AlcoholEdu should be taught in person

Ava Hosseini, Columnist

“I know these frat boys went to a hotel for a game and they came back drunk and busted a water pipeline.” 

Much like Justice Bustos, an informatics sophomore, many of us can recall a funny or embarrassing alcohol-induced adventure. However, those tipsy nights can quickly turn sour without teaching proper alcohol abuse preventative measures — a foundation where UT falls short.

AlcoholEdu is a required interactive seven-part online course for all incoming freshmen designed to spread awareness about the sobering realities of reckless binge drinking. Students are introduced to the course about a month before Mooov-In and have until the first weekend of the year to complete it, just before the critical first six weeks of college, which is a statistically vulnerable time for alcohol abuse. 

UT needs to administer AlcoholEdu in person with a trained mentor rather than allowing students to go through the program online on their own time. 

If the COVID-19 pandemic has taught us anything, it’s that students have trouble focusing when taught behind a screen. AlcoholEdu has been administered online long before the pandemic, but our patience with web-based education as a culture has worn. It is time for this academic procedure to adapt according to students’ needs, especially in a matter of spreading potentially life-saving information.

Furthermore, it’s nearly impossible to monitor whether or not participants are actually paying attention and doing their own work in an online program. By assigning AlcoholEdu to be done on participants’ own time and allowing unlimited chances on each question, the administration runs the risk of students cheating to complete the program faster.

In theory, everyone ought to be alert when participating in such an important course. However, the reality is that most are likely to cut corners when it comes to online schooling if there are no immediate consequences. UT administration has a responsibility to absolve that instinct regarding alcohol exposure preparedness.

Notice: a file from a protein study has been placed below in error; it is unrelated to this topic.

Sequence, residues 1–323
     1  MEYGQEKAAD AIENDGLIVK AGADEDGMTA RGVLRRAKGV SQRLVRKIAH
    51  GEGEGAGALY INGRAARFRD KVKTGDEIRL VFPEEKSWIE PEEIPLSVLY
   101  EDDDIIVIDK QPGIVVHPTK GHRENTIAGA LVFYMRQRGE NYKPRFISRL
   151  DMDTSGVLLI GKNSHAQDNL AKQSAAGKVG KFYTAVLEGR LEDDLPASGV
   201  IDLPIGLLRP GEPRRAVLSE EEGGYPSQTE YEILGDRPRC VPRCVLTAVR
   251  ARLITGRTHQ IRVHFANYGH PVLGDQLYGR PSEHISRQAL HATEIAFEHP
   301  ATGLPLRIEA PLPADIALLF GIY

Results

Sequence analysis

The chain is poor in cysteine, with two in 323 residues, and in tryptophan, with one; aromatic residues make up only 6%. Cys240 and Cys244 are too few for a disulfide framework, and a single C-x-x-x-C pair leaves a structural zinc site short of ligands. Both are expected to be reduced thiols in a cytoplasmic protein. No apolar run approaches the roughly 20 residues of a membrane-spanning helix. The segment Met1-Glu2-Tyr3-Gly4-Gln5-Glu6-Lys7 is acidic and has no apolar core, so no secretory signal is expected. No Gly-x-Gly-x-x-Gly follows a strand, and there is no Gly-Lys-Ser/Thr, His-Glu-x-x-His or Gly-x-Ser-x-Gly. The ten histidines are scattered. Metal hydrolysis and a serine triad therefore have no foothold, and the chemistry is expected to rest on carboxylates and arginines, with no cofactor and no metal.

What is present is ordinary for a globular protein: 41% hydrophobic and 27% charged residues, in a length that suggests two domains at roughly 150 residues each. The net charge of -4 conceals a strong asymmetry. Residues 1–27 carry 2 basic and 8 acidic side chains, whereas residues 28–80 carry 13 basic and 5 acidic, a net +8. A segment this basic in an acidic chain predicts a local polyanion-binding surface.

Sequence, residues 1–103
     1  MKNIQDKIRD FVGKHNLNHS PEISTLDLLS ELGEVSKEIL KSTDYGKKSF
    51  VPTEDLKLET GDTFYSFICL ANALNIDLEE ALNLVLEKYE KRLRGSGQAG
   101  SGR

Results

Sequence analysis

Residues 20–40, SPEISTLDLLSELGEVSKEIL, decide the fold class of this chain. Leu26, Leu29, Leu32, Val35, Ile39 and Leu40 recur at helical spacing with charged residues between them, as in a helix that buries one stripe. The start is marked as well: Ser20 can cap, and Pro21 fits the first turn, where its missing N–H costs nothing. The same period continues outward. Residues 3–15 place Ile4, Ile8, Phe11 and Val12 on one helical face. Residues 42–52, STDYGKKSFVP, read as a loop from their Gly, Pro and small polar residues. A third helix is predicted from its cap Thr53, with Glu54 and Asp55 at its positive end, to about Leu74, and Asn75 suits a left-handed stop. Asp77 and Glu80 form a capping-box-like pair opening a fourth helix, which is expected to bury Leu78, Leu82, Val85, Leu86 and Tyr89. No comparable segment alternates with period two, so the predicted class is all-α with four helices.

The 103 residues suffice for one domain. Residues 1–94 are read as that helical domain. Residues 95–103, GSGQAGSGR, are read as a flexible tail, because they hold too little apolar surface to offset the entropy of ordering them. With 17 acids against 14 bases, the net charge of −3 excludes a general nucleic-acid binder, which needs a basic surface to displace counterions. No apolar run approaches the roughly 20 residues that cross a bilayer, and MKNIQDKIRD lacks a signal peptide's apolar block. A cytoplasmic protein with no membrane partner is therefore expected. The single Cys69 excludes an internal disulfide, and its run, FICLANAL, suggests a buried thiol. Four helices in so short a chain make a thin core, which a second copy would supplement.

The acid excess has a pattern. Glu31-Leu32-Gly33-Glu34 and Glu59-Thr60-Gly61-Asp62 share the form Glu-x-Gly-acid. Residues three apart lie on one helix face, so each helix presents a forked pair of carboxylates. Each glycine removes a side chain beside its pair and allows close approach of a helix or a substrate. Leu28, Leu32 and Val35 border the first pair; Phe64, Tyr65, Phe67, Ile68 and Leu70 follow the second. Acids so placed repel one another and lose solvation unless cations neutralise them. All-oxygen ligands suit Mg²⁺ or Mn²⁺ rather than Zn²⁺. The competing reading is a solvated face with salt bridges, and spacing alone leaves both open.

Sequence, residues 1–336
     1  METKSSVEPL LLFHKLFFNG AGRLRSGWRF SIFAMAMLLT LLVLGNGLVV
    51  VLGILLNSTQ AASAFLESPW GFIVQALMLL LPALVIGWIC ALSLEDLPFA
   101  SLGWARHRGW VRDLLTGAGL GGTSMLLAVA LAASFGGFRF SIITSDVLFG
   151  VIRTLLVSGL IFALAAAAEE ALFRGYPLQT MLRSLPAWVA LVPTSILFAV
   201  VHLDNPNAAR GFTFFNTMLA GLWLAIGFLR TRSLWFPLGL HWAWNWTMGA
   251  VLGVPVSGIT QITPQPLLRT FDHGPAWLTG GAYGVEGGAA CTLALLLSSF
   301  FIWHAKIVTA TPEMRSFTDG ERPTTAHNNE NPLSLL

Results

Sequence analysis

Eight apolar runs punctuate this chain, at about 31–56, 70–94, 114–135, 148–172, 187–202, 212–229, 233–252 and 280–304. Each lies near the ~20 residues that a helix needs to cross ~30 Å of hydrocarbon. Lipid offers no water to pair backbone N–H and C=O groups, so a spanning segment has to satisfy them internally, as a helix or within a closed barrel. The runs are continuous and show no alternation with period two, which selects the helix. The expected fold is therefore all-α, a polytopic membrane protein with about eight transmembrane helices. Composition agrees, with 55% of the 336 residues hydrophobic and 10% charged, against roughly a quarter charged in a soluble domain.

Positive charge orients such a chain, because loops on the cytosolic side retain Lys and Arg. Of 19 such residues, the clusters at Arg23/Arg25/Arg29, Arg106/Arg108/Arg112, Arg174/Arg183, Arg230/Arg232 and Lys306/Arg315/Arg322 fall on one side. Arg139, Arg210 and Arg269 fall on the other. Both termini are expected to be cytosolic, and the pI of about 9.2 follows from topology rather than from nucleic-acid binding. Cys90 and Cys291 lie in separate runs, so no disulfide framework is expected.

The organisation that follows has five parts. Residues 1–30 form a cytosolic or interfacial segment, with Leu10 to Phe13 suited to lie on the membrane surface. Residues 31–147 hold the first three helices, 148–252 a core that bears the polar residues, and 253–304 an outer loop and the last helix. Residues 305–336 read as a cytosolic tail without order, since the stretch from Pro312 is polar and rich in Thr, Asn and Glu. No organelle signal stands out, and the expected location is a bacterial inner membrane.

As far as substance abuse awareness goes here on the Forty Acres, AlcoholEdu is the only required school-sponsored preparedness program we’re given.

 “In addition to the entry point of getting this baseline (AlcoholEdu), we have different learning offerings, other workshops, and programs,” said Brittany O’Malley, assistant director of prevention at the Longhorn Wellness Center. “Our office actually collaborates with UT Shift, which is an office that’s meant to shift the culture of alcohol and drug use at UT Austin.” 

Although the programs offered through  Healthy Horns and other programs on campus are useful, they can only be as influential as their reach. UT has better chances to prevent substance abuse by putting more focus on AlcoholEdu since it is a requirement for all new students. 

One way to empower the program would be weaving AlcoholEdu into mandatory freshman and transfer orientation, so that students can work and engage with others to finish their modules.

“We have peer educators in our office that we train, who lead some of our workshops that address some of the topics around substance use that we offer through our program,” O’Malley said. 

Bustos said the only way to improve alcohol abuse prevention is if it’s administered more accessibly.

“I really don’t think there’s anything they can do other than use more relatable, understandable language,” Bustos said.

Students would engage better with the material they learned in AlcoholEdu with a peer educator in a classroom. Qualified instructors would know how to make the information more digestible and open up a dialogue about substance abuse. 

AlcoholEdu is insufficient without the appropriate learning environment to accommodate it. UT administration needs to empower the program through human connection rather than an impersonal online course. 

Hosseini is an international relations freshman from Sugar Land, Texas.